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Tuesday, May 31, 2011

Substance abuse exacerbated by traumatic events

Earlier this month, a paper published in the journal Drug and Alcohol Dependence highlighted the increase in alcohol use and abuse in people directly affected by Hurricanes Katrina and Rita (August and September 2005).

The study used pre- and post-hurricane data to prospectively detect effects of these traumatic events on heavy drinking, including binge drinking, in adults living in Mississippi, Louisiana, and Alabama. Drinking was exacerbated by low income and low socioeconomic status. Social support provided during the 2 months after the hurricanes buffered against these effects, suggesting that providing immediate social support may reduce alcohol use problems in populations affected by such disasters.

A prior report in adolescents found that trauma associated with Hurricane Rita increased alcohol use.

These studies add to a growing body of research reporting associations between substance abuse problems and disasters, both natural and man made.

For example, earlier this year, a study reported alcohol use data from 10 smaller scale traumatic events taking place between 1987-1995 (plane crash, shootings, tornado, floods, earthquake, and fire). The study concluded that alcohol drinking increased primarily in individuals who used alcohol as a coping mechanism prior to the traumatic event.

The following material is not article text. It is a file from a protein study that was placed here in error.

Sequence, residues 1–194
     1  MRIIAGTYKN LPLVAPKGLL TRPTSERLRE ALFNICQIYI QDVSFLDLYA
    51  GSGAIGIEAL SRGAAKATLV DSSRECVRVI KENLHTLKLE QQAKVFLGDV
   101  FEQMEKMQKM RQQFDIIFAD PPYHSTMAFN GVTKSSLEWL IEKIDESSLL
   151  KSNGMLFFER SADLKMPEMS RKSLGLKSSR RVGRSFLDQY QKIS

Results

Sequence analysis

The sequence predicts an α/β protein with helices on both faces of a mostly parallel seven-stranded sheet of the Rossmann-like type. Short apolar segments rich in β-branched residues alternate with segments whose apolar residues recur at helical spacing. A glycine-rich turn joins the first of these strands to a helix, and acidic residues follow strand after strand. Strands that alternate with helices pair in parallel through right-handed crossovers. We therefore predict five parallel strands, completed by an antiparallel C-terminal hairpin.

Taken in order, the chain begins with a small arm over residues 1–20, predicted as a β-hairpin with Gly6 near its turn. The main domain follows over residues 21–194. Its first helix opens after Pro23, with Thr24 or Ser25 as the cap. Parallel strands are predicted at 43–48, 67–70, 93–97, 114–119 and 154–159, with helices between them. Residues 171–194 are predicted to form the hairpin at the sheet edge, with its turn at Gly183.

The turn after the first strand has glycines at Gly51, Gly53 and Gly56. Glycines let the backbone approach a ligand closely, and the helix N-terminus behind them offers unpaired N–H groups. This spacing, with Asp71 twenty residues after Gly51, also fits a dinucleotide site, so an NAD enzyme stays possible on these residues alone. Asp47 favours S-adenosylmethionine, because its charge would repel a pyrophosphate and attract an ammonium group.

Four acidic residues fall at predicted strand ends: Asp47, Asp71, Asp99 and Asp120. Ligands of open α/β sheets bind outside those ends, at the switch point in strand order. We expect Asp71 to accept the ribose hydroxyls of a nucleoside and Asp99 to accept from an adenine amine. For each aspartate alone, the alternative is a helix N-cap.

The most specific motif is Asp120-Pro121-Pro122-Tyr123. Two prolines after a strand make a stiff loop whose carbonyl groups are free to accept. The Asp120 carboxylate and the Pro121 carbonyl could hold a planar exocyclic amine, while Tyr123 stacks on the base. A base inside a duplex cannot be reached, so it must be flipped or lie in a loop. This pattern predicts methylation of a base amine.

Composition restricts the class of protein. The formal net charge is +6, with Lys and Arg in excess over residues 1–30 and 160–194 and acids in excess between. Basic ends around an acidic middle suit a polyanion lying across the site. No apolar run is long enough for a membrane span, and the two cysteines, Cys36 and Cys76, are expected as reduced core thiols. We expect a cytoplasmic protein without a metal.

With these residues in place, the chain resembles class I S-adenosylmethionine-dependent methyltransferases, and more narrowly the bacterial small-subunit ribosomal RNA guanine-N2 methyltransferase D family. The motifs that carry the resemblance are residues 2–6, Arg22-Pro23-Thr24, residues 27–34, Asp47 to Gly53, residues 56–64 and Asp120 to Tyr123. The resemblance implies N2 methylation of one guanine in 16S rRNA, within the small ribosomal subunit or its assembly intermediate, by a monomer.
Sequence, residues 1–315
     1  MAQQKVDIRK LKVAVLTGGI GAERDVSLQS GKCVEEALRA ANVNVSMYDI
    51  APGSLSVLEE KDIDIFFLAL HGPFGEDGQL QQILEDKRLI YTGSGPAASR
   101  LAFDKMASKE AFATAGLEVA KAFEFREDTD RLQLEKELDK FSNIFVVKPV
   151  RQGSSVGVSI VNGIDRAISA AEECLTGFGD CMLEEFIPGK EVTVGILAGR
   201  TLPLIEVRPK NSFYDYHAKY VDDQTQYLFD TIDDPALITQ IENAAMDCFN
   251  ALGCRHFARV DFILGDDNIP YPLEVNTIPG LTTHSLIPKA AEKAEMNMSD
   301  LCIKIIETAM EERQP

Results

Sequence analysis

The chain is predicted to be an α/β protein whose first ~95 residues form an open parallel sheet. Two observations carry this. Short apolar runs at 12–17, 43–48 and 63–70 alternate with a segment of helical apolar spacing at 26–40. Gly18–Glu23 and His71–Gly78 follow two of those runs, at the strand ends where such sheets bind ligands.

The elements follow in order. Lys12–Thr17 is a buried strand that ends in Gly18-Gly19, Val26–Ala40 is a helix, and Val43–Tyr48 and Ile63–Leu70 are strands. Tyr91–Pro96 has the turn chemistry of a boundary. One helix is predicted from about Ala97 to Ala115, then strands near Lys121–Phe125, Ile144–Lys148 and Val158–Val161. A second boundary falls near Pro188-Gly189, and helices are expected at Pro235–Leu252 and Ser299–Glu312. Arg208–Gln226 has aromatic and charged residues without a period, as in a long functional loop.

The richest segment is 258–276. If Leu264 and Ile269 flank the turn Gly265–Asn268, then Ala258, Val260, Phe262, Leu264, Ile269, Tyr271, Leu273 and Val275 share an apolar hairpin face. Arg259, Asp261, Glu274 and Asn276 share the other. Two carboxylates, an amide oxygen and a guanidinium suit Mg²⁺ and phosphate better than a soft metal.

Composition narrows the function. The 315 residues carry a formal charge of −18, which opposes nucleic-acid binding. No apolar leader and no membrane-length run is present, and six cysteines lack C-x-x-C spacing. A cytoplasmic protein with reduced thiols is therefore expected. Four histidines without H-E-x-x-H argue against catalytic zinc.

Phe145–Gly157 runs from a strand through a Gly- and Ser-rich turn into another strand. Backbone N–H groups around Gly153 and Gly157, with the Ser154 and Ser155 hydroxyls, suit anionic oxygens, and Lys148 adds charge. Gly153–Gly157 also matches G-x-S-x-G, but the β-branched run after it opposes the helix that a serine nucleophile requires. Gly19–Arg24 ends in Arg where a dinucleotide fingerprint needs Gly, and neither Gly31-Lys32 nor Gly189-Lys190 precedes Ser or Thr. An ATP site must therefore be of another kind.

Substance abuse increased in a Swiss sample surveyed online after the Indian Ocean Tsunami of December 2004.

Further, a number of studies have shown that substance abuse problems increased in the period immediately following the September 11 2001 World Trade Center (WTC) terrorist attacks in New York. A recent analysis indicated that substance abuse disorder diagnosis rate from September 11-December 31 was proportional to proximity to the attack site: people living within 5 miles of the WTC at the time of the attacks were 5 times more likely to be diagnosed with a substance abuse problem than people living 30 miles away. Moreover, the diagnosis rate over the same time interval in the year before the attacks (September 11 – December 31, 2000) exhibited the opposite relationship (proximity to the WTC was associated with lower substance abuse diagnosis rates).

Together, these studies support the idea that major traumatic events have the capacity to increase substance abuse problems, particularly in those living close to the event, those with low socioeconomic status, and those with prior substance use histories. The data suggesting that it may be possible to reduce substance abuse problems by introducing immediate social support are intriguing and merit followup.

CPDDBLOG welcomes CPDD member’s thoughts on this issue.

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